TVA Shops Small
When you’re the nation’s largest public power company, you do a lot of purchasing. To boost the Valley economy, TVA stayed focused on procuring goods and services from small businesses in 2016—over a billion dollars’ worth.
TVA believes in shopping small; it’s a corporate social responsibility goal. And though TVA is usually sourcing products and services on a much larger scale than the average consumer hitting the stores on Small Business Saturday, the same benefits apply. Small businesses bring diverse products and bright ideas to the table. Small Valley-based businesses keep dollars circulating in the regional economy. And small businesses are key drivers of jobs here.
That’s why TVA spent a record-breaking $1.05 billion with small business suppliers in the fiscal year 2016—a number that’s 24 percent higher than it was in 2012 and has steadily increased each year since then.
“Every year, we look to increase our spending with small businesses,” says Althea Jones, manager TVA Supplier Diversity and Development. “It goes back to our mission of service and generating prosperity in the Tennessee Valley. Small businesses create jobs for our region—encouraging and supporting their ties not only to our economic development work but to our commitment to supplier diversity.
TVA Small Business Spending
TVA small business spending is expressed as a percentage of total spending.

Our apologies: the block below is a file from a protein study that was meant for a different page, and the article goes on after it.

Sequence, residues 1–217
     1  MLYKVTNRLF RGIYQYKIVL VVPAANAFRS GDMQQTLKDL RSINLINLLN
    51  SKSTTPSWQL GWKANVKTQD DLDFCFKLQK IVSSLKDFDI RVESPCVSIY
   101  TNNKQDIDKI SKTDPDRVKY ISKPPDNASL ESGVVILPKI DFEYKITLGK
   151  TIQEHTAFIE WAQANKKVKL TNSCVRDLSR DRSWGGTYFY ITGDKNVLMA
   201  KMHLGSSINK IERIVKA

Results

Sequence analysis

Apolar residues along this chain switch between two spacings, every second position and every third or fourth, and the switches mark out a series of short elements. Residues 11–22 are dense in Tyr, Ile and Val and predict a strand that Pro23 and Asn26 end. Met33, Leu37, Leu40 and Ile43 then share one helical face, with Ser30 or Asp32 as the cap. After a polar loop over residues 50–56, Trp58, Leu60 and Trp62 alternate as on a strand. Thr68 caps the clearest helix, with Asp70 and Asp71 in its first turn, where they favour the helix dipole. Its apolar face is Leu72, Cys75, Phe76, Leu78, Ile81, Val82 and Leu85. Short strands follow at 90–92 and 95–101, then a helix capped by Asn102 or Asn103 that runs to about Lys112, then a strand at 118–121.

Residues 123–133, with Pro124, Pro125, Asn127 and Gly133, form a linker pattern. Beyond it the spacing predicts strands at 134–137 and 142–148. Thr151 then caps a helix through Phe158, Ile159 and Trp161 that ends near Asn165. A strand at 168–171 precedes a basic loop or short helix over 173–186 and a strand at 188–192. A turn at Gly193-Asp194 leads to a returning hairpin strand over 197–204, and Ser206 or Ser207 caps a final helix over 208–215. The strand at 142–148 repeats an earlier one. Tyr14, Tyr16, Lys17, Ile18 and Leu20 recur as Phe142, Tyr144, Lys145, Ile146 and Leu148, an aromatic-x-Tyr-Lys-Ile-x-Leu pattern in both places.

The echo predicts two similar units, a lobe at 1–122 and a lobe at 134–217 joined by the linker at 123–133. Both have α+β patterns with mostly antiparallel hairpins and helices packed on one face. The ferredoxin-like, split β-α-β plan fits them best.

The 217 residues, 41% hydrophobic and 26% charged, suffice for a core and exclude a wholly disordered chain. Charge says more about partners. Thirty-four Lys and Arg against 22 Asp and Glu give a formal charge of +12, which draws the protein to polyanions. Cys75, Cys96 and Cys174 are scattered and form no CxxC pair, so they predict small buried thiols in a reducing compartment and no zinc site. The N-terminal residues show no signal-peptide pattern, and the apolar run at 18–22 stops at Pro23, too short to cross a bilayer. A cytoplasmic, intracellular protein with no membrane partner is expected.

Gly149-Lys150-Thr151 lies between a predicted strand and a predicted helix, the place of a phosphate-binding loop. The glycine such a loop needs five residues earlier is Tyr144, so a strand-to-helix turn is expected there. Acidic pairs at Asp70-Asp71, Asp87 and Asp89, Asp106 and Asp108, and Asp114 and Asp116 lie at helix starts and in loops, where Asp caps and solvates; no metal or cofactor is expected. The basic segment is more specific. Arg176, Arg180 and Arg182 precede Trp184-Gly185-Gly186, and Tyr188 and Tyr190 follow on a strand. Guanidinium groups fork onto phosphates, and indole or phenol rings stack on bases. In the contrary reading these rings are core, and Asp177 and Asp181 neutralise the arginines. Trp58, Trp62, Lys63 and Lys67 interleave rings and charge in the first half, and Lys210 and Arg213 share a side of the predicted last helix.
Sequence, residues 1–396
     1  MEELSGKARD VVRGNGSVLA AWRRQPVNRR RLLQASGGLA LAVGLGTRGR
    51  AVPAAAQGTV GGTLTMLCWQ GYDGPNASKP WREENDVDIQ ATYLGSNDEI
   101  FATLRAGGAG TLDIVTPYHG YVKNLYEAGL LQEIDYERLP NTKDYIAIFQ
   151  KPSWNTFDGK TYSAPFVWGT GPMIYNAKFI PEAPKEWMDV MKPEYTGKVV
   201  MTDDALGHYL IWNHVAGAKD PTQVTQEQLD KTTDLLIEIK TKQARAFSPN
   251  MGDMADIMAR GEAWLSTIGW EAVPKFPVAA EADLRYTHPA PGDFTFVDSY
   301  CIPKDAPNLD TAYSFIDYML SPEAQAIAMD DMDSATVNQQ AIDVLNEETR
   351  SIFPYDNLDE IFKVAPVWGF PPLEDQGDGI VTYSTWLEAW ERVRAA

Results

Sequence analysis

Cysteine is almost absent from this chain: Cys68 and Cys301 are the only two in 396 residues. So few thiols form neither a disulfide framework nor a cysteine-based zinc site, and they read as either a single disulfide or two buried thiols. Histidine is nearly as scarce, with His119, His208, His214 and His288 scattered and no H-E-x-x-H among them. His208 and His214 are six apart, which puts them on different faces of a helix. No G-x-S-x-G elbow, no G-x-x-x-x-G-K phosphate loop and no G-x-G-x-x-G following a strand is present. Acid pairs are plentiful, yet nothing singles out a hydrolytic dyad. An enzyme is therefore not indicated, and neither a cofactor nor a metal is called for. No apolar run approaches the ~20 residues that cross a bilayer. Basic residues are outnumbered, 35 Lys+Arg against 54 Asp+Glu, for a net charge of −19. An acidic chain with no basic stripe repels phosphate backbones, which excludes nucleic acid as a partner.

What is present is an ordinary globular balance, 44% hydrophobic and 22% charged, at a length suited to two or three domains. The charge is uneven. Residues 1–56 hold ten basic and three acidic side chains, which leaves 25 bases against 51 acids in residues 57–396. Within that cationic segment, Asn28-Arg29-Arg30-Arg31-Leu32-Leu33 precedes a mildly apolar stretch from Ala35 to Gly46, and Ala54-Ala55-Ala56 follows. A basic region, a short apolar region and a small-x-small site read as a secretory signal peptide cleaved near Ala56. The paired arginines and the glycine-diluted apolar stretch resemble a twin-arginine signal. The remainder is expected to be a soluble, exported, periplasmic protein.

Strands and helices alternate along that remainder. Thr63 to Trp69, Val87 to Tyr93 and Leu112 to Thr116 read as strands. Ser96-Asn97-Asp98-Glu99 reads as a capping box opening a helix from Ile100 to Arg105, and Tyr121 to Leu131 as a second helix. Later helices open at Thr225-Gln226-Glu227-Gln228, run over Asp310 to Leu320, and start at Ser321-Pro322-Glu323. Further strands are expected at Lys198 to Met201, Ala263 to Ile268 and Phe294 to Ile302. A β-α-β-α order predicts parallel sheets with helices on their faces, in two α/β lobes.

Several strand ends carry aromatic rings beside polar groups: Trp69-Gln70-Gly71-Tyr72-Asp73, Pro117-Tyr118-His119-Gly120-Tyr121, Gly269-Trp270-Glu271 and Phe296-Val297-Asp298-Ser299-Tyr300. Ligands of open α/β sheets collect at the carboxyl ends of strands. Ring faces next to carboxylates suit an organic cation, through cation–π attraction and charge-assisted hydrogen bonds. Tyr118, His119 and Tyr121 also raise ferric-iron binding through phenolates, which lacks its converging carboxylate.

And what does TVA buy? “Everything from toilet paper to turbines,” Jones says. Beyond the tangible “stuff,” TVA also buys services from consultants, contractors, and laborers in nearly every aspect of its operations.
Jones says that TVA searches for the best small-business fit when and where possible. “As contracts expire, we look for opportunities to replace them with contracts from suppliers that are small, diverse, and/or based in the Valley,” she explains. “Valley-based companies with strong community ties are good for the economy and often provide the best value to TVA, helping us keep our rates low.”
Working with TVA has created direct benefits for his community, says Ryan Senter, president and owner of Hibbs ElectroMechanical in Madisonville, Ky., a firm that provides engineering, repair, and predictive maintenance services on motors, small turbines, gearboxes, pumps, and other such equipment at TVA’s fossil sites, gas plants and hydroelectric facilities.
Senter won a TVA contract in 1992 at a time when his company employed 22 people. “Now Hibbs ElectroMechanical employs 74 people,” Senter says. “Even though we’re a small business, we’re one of the largest employers in our area. And we’re able to give back by doing things like participating in Kentucky FAME [Federation of Advanced Manufacturing], which is a collaboration between community partners to create apprenticeship-style learning environments for high school kids, veterans, and displaced workers.”
Their work has inspired Ryan and his team with TVA in more ways than one. “They challenge us to be excellent, to raise our safety standards, and to always keep improving,” he says. “And just as TVA is a good steward to the Valley, we try to be good stewards in our community here.”